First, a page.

“MY KIDS LOVE THAT CAT!” Ari Peabody, a Meijer pharmacy tech from Lyons, wrote on Facebook. “THEY WILL BE HEART BROKEN.”
Aww Kitty played inside and out of the library, scratching at the door when she wanted to come back in. She sometimes brought a mouse, which might be alive. At night she slept in the library director’s office.
A donation jar on the counter paid for her food, litter and medical care.
Emotions run high
The bad news arrived on the same day as Santa.
In December the library board voted to remove Aww Kitty after saying board members received complaints from patrons who were allergic to her. It shared the news with the library staff, who had become close with the cat during their three years together.
Several hours later, the library hosted Santa as part of the village’s Christmas by the River celebration. Cocoa and cookies were served.
Board members declined to say how many people complained or who they were. “Several people stopped coming to the library,” board chairwoman Carol Simon told The Detroit News.
The library staff has been told by the board not to discuss the issue.
The library board, which normally meets to an empty room, was suddenly facing a town revolt.
During a special meeting last month, two dozen people filled a small back room of the library and spilled into the hallway. Several held photos of Aww Kitty attached to a stick.
Also attending was a sheriff’s deputy, requested by the board after it received threats over the matter. The board declined to elaborate.
“It’s a shame the small town came to this point,” said resident Jackie VanDyne, whose grandchildren always insisted she bring them to the library to visit the cat. “The board wouldn’t listen to the voices of many instead of the voices of a few.”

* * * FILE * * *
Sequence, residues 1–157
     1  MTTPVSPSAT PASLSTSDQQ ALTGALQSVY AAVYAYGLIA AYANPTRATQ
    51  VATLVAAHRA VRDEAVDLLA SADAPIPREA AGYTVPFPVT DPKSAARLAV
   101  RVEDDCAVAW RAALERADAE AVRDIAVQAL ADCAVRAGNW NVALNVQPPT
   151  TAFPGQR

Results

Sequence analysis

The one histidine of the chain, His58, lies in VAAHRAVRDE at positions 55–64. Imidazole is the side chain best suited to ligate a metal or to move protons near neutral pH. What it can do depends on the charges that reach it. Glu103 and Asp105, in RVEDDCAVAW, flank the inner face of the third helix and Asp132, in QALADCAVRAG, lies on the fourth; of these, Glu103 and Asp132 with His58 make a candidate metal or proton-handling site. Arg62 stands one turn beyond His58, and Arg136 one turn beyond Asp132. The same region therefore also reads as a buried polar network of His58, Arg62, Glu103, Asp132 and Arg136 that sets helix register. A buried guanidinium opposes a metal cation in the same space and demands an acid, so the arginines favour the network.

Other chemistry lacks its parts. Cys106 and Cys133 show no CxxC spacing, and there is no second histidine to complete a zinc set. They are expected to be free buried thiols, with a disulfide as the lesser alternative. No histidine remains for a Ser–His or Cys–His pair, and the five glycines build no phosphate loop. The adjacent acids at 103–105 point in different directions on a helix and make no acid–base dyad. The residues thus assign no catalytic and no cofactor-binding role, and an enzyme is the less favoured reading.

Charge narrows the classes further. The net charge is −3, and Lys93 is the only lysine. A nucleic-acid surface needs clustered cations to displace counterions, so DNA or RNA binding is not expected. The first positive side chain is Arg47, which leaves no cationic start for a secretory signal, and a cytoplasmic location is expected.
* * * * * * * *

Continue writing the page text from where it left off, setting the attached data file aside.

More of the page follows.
An online petition by Chambers asking the board to keep the cat was signed by 2,700 people. On her Facebook page, the teen calls herself “that lovable thorn in your life.”
The start of the Jan. 25 meeting, where the board would reconsider its December decision, was delayed when the secretary forgot to bring her tape recorder. She ran home to retrieve it.
During the 15-minute wait, little was said between the seated board and the standing crowd. Some had known each other their whole lives, but hard feelings abounded.
When Farrington asked Simon if she had shared an email he sent her with other board members, she said it wasn’t the right time to discuss the issue. “It’s just a yes or no question,” Farrington said.
Unanimous vote for eviction
With the meeting underway, Simon said she had received two letters in favor of keeping the cat.
One was addressed to Aww Kitty c/o Lyons Township Library and the other to the Lyons Township Library Complaint Committee. The Aww Kitty letter, written on a greeting card, continued on the back, signing off “Best of luck & meow to your sweet kitty!”
The crowd didn’t address the board, having made its case at an earlier meeting, when 20 people spoke in favor of keeping the cat.
They said she helped draw people to the library, comforted people who couldn’t have pets at home and shouldn’t be removed from a place she’s grown accustomed to.
“Cats are people, too,” said resident Rosemary Adams.
During the earlier meeting, one person said Aww Kitty should be removed. The person, village trustee Max Darling, said he had attended more in support of the board than in opposition to the cat.
Darling, who had nominated one of the board members, said public service isn’t easy.
“It’s a ticklish thing,” he told The News. “You try to make everyone happy, and you just can’t do it.”
But Darling also said he grew up on a farm and knew the mischief a cat could create.
“When you go out the door, they climb all over the place,” he said.
At the Jan. 25 meeting, the board quickly rendered its verdict. Without comment, it held a roll call with all seven members voting to oust Aww Kitty. The meeting was adjourned.
As the board walked out of the library, Irey, still clutching a photo of Aww Kitty, left them with a parting shot.
“Don’t run over any cats on the way home,” she said.